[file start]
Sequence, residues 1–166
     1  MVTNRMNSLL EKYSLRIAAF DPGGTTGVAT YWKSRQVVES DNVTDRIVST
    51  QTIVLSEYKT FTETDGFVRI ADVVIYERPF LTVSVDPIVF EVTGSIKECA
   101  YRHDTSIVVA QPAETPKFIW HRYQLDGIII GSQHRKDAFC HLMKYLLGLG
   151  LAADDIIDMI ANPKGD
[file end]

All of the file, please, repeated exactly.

Sequence, residues 1–166
     1  MVTNRMNSLL EKYSLRIAAF DPGGTTGVAT YWKSRQVVES DNVTDRIVST
    51  QTIVLSEYKT FTETDGFVRI ADVVIYERPF LTVSVDPIVF EVTGSIKECA
   101  YRHDTSIVVA QPAETPKFIW HRYQLDGIII GSQHRKDAFC HLMKYLLGLG
   151  LAADDIIDMI ANPKGD